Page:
On the left are rows of dayrooms; on the right is one of two long hallways which connect the two halves of the hospital. The large, center section of the hallway would fit chairs for patients to look out on the gardens. They called it a conservatory. This hallway would be as close as some patients would get to nature.
Looking at the concrete headframe from street level. Acros 100 in Pentax 67
The last of four radar domes on the base.
Winter skies over Allouez Bay. From a distance, it looks almost fragile.
The first time I saw Buffalo Central Terminal was from a westbound Empire Builder. In the foreground you can see the rows of platforms.
The offices for the Five Roses elevator have long been boarded. To the left you can see the Manitoba Pool Elevator slogan, “Service at Cost”, meaning they would not make profit off farmers and dues.
From a distance (here, Union Yards), you can still see ARMOUR spelled out on the smokestack in white brick.
The southernmost houses in Gilman are seen through the pines on the right, near the tram stop.
Here, the concentrated gold (and silver, and zinc, I would guess) would be loaded into trucks bound for the smelter.
At first glance, I thought the center building was a hoist house because of the shape of the window. Now I think this was built as a warehouse and later used as a laboratory.
I wonder what this guy is thinking, walking through the complex.
Summertime is when Duluth goes to the lakeside to listen to music, visit traveling fairs, and talk to neighbors about the smell of the lake. As seen from the castle walls.
One of the last times I saw the skyway standing. ADM’s Meal Elevator is in the distance.
A shallow creek traces Illinois Gulch toward the Chain O’ Mines mill. Ball mills are laid out in the sun.
A panoramic view of the sintering plant’s gas plant (?). Everyone who visits must get a picture of these rusty smokestacks!
Peering at Stelco’s abandoned steel rod rolling mill, not demolished. The rectangular on the right in between is the boiler house that heated Stelco.
35mm Film, Expired. An abandoned swath of NAD is landlocked by soybean fields.
Boards on the window are like rings on a tree, if you know how to read abandonments.
A taste of Superior culture.
Frontenac’s shaft house is well preserved, compared to all other around it. Leica/Summilux 35/Ektar 100
One of the covered rail loading docks. All of them were overgrown and rust-clad.
The same view in 2007.
Superior, WI, some have said, is a suburb of Duluth, MN. It’s more like a sub-suburb, I would argue. It’s the industrial district that is technically in another state, one that sells beer on Sundays. Perspective is looking out of the mostly-disassembled larger (newer) elevator.
The bottom of the tailings boom is rotten. In days when the dredge, floated, gangways connected it to shore, it seemed. You can see the size of the pontoons under the boat here.
The command building and a coolant tank. In the distance, rain and hail pound Wyoming dirt.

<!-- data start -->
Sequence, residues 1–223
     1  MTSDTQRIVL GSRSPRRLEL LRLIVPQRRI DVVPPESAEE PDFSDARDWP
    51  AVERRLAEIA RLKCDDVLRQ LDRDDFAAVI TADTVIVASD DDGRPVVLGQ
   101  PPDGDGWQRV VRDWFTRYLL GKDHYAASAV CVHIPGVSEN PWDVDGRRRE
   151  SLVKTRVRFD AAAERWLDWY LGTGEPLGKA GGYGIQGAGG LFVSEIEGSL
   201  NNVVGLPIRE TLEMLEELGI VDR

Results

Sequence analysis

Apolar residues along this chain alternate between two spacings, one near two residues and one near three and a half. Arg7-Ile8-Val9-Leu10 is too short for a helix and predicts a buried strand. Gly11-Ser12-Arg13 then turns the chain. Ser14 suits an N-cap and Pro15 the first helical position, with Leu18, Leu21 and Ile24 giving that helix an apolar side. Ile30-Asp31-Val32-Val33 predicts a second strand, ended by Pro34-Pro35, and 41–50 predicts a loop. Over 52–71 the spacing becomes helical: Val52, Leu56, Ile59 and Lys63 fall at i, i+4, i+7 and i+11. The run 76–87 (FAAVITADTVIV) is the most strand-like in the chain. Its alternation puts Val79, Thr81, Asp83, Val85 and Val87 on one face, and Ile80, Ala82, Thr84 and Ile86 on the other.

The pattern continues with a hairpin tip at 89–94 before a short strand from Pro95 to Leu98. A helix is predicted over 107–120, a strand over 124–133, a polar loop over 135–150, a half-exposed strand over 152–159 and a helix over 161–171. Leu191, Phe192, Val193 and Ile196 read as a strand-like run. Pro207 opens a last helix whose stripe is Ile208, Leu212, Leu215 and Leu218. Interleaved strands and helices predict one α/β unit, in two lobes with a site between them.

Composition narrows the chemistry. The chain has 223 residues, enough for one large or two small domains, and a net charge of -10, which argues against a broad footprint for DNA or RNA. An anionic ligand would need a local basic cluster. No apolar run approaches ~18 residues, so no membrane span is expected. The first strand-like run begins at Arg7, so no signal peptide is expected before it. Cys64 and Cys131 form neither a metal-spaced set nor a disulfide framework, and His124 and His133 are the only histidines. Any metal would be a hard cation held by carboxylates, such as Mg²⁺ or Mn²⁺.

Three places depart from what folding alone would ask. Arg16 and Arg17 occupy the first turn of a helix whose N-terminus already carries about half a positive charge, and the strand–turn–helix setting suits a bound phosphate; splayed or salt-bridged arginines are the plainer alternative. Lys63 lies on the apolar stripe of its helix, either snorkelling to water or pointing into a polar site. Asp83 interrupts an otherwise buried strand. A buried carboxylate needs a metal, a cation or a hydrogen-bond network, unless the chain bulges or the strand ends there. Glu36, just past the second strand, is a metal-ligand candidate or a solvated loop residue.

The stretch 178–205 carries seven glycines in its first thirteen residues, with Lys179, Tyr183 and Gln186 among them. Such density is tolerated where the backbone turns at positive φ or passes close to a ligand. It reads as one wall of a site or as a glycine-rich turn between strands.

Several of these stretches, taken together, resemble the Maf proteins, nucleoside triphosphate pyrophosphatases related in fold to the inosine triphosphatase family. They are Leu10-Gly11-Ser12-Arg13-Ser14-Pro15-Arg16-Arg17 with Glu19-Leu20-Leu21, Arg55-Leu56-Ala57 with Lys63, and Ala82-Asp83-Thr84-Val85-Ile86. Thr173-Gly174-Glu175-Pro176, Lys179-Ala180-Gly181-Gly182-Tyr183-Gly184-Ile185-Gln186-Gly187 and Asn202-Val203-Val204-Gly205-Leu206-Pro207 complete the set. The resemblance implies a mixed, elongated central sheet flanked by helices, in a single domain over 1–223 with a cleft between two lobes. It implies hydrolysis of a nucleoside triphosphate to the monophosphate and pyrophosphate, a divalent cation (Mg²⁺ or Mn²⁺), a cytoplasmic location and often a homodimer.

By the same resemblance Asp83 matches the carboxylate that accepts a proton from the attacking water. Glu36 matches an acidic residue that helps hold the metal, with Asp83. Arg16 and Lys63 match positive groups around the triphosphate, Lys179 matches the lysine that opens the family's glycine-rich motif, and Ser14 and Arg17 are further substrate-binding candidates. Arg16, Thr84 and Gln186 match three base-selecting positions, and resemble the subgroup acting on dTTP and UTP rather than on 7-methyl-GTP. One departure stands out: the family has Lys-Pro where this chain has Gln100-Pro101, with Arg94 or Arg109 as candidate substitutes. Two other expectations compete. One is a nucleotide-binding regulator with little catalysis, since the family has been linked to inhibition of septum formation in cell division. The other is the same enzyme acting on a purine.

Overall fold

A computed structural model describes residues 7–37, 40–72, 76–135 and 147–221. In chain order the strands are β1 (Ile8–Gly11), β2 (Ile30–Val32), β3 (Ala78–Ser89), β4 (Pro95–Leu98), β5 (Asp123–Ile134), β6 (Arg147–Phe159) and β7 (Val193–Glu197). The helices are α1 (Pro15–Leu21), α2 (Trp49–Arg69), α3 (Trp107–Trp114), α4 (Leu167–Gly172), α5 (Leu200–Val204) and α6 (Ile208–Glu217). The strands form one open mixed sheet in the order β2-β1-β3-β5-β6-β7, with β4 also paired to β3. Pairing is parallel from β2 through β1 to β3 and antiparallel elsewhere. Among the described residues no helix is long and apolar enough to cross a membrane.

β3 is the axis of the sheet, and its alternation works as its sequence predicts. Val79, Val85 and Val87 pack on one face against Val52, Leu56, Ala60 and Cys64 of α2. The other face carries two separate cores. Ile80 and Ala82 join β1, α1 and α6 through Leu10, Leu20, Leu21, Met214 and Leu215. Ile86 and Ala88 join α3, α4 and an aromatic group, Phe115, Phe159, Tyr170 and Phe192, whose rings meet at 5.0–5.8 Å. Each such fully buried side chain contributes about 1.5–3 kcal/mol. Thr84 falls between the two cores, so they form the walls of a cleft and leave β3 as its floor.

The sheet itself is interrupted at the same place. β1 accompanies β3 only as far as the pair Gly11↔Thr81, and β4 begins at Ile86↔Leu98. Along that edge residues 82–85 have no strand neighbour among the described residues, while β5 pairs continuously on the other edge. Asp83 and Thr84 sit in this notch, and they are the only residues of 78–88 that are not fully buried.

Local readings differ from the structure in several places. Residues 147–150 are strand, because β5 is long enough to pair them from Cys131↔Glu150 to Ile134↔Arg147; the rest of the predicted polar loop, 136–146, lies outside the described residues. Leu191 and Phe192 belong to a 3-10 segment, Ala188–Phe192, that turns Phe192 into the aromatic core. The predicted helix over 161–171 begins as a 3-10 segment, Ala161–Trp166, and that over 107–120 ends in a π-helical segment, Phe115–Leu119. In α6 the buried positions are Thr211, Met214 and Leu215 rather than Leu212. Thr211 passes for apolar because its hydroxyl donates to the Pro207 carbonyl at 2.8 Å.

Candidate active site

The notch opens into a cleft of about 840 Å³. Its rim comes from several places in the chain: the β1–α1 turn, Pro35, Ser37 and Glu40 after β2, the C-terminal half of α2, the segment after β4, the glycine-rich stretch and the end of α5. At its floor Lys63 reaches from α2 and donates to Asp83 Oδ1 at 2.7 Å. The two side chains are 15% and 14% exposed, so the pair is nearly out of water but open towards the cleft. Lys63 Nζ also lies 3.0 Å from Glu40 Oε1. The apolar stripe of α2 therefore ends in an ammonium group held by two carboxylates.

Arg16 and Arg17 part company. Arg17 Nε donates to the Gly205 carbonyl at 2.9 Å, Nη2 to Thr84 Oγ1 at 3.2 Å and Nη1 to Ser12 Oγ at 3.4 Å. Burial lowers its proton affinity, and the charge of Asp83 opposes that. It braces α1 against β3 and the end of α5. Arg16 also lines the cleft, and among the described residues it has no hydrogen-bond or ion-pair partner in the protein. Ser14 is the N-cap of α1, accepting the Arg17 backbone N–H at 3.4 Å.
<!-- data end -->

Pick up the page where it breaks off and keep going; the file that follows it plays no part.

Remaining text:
If you look carefully along the side of the slip alongside this image of Cargill B-2, you will see the remains of the crane stops when this was a Hannah coal dock.
This building was an office and lounge for engineers. It is also demolished.
A windmill marks one corner of GOW.
Coming to an inspirational poster near you… what should it read? ADVENTURE AWAITS? Don’t hang posters. Go outside.
The rear of the complex shows the more than 100 year old workhouse–still working! I do not know if the tanks are original to the 1901 elevator, but I suspect so.
The St. Louis County Sheriff constantly patrols the property looking for trespassers.
Wagons and horses were kept in the building on the left, separate from the rest of the complex in case of fire. In the distance is the boiler house, separate for the same reason.
Before the clouds broke, I snapped this profile of the dumping control room and its spiral staircase. These are the colors that I dream in.
A bridge crosses the main street of the village; one that goes nowhere. Ambiguity intended.
The powerplant and its dedicated water tower supplied steam for heating and mechanical work.
There is a flipped tram car about a third of the way down the cliff.
The modern shaft stands above the north side of Gilman.
The truck scale is closed at Lena, MB.
The company headquarters. Abandoned last time I drove past it, though it is the classiest building in downtown South Bend.
Street lights and pavement are some of the obvious signs a town used to be here.
The top of Dock 4 was too dangerous to explore, but this panorama gives you an idea of the view (and how rotten the wood was).
Kate in the crow’s next… very shaky by the time she got to it.
The roof was in bad shape, but too beautiful to avoid. This is the spot were I used to study medieval Latin.
A row of houses north of Pommenige.
Because of the dangers of storing the materials to make explosives as well as the explosives themselves, there were earthen bunkers all across the plant like this.